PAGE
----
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Thoughts on a Right To Remain Silent

I recently had the opportunity to do a preliminary hearing for a woman who was charged with obstruction of justice. The charge was dismissed with prejudice because the a local city with an infamously incompetent police force improperly charged her. I had several thoughts after this victory, ranging from how great my performance was, to how significant my mistakes were in spite of my victory.
I'll go over what I felt I did right and wrong in the hopes that it will benefit some other attorney, or myself, at some point.

What Happened

A woman was charged with Obstruction of Justice, which is a fairly long statute. The situation was that a police officer came to her home to investigate a crime. Her son had some active warrants, but the police officer didn't know that at the time. The officer had both the son and the woman outside, asking them questions about his investigation. He then asked her for her personal info. Then he asked the son. The son gave the officer incorrect information, and the woman said nothing. It is safe to assume that this woman knew, better than anyone else, her son's birthday and name. She may have even known he had warrants. She stayed silent, however, when he gave his information. While the officer was clarifying the spelling of the son's first name, she said in jest "did I spell it wrong?"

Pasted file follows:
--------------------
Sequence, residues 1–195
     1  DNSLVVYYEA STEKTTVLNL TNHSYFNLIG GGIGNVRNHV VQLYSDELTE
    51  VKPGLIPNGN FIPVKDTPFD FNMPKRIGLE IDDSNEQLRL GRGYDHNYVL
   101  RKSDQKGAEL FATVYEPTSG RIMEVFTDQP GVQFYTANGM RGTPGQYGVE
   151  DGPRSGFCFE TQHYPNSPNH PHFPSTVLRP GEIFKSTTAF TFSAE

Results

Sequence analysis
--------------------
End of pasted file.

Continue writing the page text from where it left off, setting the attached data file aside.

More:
Before we proceed further, you should know that this woman was fairly old, born in the earlier half of the 20th century. She also has documented issues with her hearing. It is thus entirely possible that she failed to hear what was going on. Whether she heard is not important. The real question is if she had heard, was it wrong for her to have remained silent?

A Right To Remain Silent?

The good city of West Valley believed that silence in the face of lies when you know better is a punishable offense. The prosecutor, with a straight face, argued to the judge that her silence was enough to convict her of obstructing justice. Your first instinct may also be to condemn someone who remained silent when they knew someone was lying to a police officer. There's nothing wrong with wanting to uphold the law.